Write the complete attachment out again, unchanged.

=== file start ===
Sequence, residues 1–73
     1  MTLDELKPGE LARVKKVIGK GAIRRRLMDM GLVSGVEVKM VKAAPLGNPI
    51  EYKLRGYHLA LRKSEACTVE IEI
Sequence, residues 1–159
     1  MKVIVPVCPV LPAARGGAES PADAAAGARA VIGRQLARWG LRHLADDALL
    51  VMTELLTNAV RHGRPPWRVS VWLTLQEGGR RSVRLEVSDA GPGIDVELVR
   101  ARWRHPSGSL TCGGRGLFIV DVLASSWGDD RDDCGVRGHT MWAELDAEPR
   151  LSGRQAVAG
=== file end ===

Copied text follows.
Sequence, residues 1–73
     1  MTLDELKPGE LARVKKVIGK GAIRRRLMDM GLVSGVEVKM VKAAPLGNPI
    51  EYKLRGYHLA LRKSEACTVE IEI
Sequence, residues 1–159
     1  MKVIVPVCPV LPAARGGAES PADAAAGARA VIGRQLARWG LRHLADDALL
    51  VMTELLTNAV RHGRPPWRVS VWLTLQEGGR RSVRLEVSDA GPGIDVELVR
   101  ARWRHPSGSL TCGGRGLFIV DVLASSWGDD RDDCGVRGHT MWAELDAEPR
   151  LSGRQAVAG